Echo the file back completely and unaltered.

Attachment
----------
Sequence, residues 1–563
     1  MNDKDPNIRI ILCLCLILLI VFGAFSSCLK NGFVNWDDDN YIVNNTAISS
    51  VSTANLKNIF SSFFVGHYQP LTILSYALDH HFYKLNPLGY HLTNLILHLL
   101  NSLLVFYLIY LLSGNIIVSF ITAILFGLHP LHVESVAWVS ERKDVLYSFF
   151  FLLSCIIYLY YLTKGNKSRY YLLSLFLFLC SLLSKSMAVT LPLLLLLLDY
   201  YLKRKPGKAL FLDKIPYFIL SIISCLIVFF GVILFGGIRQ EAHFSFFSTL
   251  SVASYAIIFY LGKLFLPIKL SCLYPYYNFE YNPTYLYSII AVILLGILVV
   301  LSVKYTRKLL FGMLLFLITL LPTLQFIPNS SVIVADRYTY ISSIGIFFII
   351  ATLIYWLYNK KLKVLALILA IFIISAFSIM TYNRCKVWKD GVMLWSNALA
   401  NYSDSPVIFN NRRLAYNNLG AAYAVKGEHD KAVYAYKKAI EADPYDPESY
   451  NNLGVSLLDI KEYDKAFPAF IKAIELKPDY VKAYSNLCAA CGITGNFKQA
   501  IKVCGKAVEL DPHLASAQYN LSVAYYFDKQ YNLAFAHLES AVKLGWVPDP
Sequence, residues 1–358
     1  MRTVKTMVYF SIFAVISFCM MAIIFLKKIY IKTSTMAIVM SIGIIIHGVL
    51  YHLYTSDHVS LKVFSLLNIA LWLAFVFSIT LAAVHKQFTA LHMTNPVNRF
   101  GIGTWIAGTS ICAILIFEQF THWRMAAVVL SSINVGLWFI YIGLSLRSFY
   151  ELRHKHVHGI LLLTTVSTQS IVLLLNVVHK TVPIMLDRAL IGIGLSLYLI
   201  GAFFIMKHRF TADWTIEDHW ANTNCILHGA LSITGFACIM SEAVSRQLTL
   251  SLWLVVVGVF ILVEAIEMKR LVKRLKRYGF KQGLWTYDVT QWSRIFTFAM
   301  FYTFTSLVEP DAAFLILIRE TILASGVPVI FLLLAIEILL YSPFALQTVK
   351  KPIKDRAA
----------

Sequence, residues 1–563
     1  MNDKDPNIRI ILCLCLILLI VFGAFSSCLK NGFVNWDDDN YIVNNTAISS
    51  VSTANLKNIF SSFFVGHYQP LTILSYALDH HFYKLNPLGY HLTNLILHLL
   101  NSLLVFYLIY LLSGNIIVSF ITAILFGLHP LHVESVAWVS ERKDVLYSFF
   151  FLLSCIIYLY YLTKGNKSRY YLLSLFLFLC SLLSKSMAVT LPLLLLLLDY
   201  YLKRKPGKAL FLDKIPYFIL SIISCLIVFF GVILFGGIRQ EAHFSFFSTL
   251  SVASYAIIFY LGKLFLPIKL SCLYPYYNFE YNPTYLYSII AVILLGILVV
   301  LSVKYTRKLL FGMLLFLITL LPTLQFIPNS SVIVADRYTY ISSIGIFFII
   351  ATLIYWLYNK KLKVLALILA IFIISAFSIM TYNRCKVWKD GVMLWSNALA
   401  NYSDSPVIFN NRRLAYNNLG AAYAVKGEHD KAVYAYKKAI EADPYDPESY
   451  NNLGVSLLDI KEYDKAFPAF IKAIELKPDY VKAYSNLCAA CGITGNFKQA
   501  IKVCGKAVEL DPHLASAQYN LSVAYYFDKQ YNLAFAHLES AVKLGWVPDP
Sequence, residues 1–358
     1  MRTVKTMVYF SIFAVISFCM MAIIFLKKIY IKTSTMAIVM SIGIIIHGVL
    51  YHLYTSDHVS LKVFSLLNIA LWLAFVFSIT LAAVHKQFTA LHMTNPVNRF
   101  GIGTWIAGTS ICAILIFEQF THWRMAAVVL SSINVGLWFI YIGLSLRSFY
   151  ELRHKHVHGI LLLTTVSTQS IVLLLNVVHK TVPIMLDRAL IGIGLSLYLI
   201  GAFFIMKHRF TADWTIEDHW ANTNCILHGA LSITGFACIM SEAVSRQLTL
   251  SLWLVVVGVF ILVEAIEMKR LVKRLKRYGF KQGLWTYDVT QWSRIFTFAM
   301  FYTFTSLVEP DAAFLILIRE TILASGVPVI FLLLAIEILL YSPFALQTVK
   351  KPIKDRAA